Double axel, Triple putz

by Sara Nicole Miller

As if the homoeroticism of male figure skating hasn’t been lampooned enough, Will Ferrell has chosen the illustrious sport as the subject in his latest Will-plays-an-annoying-frat-dude-in-some-idiosyncratic-career film, “Blades of Glory.”

“Blades of Glory”
STARRING: Will Ferrell, Jon Heder, Will Arnett
DIRECTED BY: Will Speck and Josh Gordon
SHOWING AT: Area theaters

The tale begins modestly, outside a country orphanage, atop two ice-skating rinks, separating the real men from the, well, men who like figure skating. The lone, blonde-haired boy spinning double axels to Andrea Bocelli’s “Con Te Partiro” is a young version of the great “Galloping Peacock” Jimmy MacElroy (Jon Heder of “Napoleon Dynamite”). Plucked out of the orphanage by a racehorse breeder (William Fichtner) and crafted into a figure-skating prodigy, MacElroy soon becomes skating’s “Little Orphan Awesome.”

Enter rival Chazz Michael Michaels, skating’s overtly hetero swashbuckling buffoon, sporting cowboy chaps and the libido of a springtime chimpanzee. The two exchange some harsh words, but it isn’t until they both win the gold medal that they resort to blows on the ice.

As a consequence, the National Skating Federation strips them of their medals and bans them from skating indefinitely.

The film then skips ahead three and a half years, where the two are wallowing in their own second-hand skating-related industries: MacElroy works as a skate sharpener and shop assistant, Michaels as a wizard mascot for the children’s show called “Grublets on Ice.”

One day, MacElroy’s super fan and psychopathic stalker from his glory years tracks him down at the skate shop. The stalker informs MacElroy of a loophole in the rulebook that would allow him to compete again if he joined the pairs division.

Reinvigorated by the prospect of a figure skating career, MacElroy goes to the “Grublets on Ice” training complex to search for a female partner where he and Michaels bump into each other for the first time since the altercation. Again they bust out into a quarrel, which a news station captures on camera. MacElroy’s old coach (Craig T. Nelson of “Coach,” no less) sees the fight broadcast on television – complete with figure-skating spins, whirls and hurls – and, thus, their fate as an “unlikely” pair is sealed in the stars.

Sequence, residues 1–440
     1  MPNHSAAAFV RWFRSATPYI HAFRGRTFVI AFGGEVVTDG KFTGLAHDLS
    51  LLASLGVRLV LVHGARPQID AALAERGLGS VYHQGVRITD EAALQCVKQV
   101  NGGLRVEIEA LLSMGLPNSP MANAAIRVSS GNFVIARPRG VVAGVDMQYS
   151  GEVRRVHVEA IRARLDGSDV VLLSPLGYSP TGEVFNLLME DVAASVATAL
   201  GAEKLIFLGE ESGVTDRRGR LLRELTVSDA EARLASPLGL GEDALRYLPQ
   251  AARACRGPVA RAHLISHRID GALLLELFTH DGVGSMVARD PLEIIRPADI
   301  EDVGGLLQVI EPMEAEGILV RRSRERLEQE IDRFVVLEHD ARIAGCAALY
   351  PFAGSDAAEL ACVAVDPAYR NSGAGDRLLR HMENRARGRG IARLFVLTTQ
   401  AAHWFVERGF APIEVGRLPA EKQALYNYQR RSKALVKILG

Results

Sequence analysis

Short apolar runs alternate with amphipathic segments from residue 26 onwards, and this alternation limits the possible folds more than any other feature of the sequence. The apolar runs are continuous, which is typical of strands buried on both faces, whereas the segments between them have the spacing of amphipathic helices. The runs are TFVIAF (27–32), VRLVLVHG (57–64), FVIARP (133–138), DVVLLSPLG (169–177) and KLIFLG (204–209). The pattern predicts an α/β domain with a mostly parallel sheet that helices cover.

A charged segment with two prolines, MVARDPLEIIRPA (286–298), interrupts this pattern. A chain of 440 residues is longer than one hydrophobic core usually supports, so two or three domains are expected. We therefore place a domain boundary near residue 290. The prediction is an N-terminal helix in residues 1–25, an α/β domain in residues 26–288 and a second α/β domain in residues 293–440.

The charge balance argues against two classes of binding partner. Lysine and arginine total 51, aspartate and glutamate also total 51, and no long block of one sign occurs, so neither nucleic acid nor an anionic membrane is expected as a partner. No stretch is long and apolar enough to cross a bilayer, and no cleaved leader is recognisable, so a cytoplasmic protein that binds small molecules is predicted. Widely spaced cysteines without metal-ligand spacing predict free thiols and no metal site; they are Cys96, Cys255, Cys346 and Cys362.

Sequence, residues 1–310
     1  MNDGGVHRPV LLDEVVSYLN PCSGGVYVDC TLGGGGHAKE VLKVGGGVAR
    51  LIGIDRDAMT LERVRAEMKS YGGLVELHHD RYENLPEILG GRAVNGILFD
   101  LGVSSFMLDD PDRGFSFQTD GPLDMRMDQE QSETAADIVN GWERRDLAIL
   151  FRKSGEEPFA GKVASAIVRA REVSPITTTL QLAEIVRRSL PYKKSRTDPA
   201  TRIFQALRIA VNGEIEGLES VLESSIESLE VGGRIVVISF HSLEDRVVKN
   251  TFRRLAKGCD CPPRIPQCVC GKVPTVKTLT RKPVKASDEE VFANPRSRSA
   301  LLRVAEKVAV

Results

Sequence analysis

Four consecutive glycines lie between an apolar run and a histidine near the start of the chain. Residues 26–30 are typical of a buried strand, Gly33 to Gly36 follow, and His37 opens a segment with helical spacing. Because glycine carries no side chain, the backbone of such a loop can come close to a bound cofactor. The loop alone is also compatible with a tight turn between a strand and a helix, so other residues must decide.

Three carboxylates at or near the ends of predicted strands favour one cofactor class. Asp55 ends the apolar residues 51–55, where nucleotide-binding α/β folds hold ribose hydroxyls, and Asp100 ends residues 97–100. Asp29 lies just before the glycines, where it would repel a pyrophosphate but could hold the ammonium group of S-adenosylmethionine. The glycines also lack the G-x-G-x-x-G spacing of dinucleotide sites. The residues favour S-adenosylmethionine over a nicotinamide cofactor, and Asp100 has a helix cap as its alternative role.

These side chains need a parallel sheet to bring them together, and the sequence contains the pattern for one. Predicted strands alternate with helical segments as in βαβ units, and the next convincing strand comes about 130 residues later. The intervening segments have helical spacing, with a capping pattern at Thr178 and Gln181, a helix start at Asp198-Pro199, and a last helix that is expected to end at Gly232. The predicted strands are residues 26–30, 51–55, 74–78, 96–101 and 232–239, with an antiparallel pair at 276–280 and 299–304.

We can all call the rest. The mismatched pair, after some bumps and bruises and a few life lessons in friendship (and the woes of sex addiction), compete in the World Championships in Montreal against a nefarious (and incestuous) brother-sister team, Fairchild (Amy Poehler) and Stranz (Will Arnett).

MacElroy and Michaels, now team Fire and Ice, keep one trick up their sleeve: the Iron Lotus. The deal-breaking move could, if properly executed, seal their victory. However, if botched, it could result in beheading by ice skate blade.

The film, with its impressive and wide-spanning cast – from Nancy Kerrigan to current SNL cast member Amy Poehler – does manage to yank out a few giggles, but mostly because of the many ways in which figure skating moves can, from certain angles, look mighty copulatory. The one-dimensional absurdity of Ferrell’s character is made of the same stuff as his characters of movies past: verbal diarrhea, rampant sexual machismo and a supersized belief in his own agency. In the end, it is Heder’s character that comes out with the most substance, even if he does embody all the stock stereotypes.

Ferrell’s heart is in the right place, but “Blades of Glory” falls victim to the ultimate comedic trap: painstaking formulaic convention. At best, the film doles out an easily digestible, eight-dollar laugh. At worst, the film’s floppy conventions harden the rigidity of masculinity and pigeonhole a sport’s essence into one lousy film. And that’s something that all the Zambonis in the world couldn’t smooth over.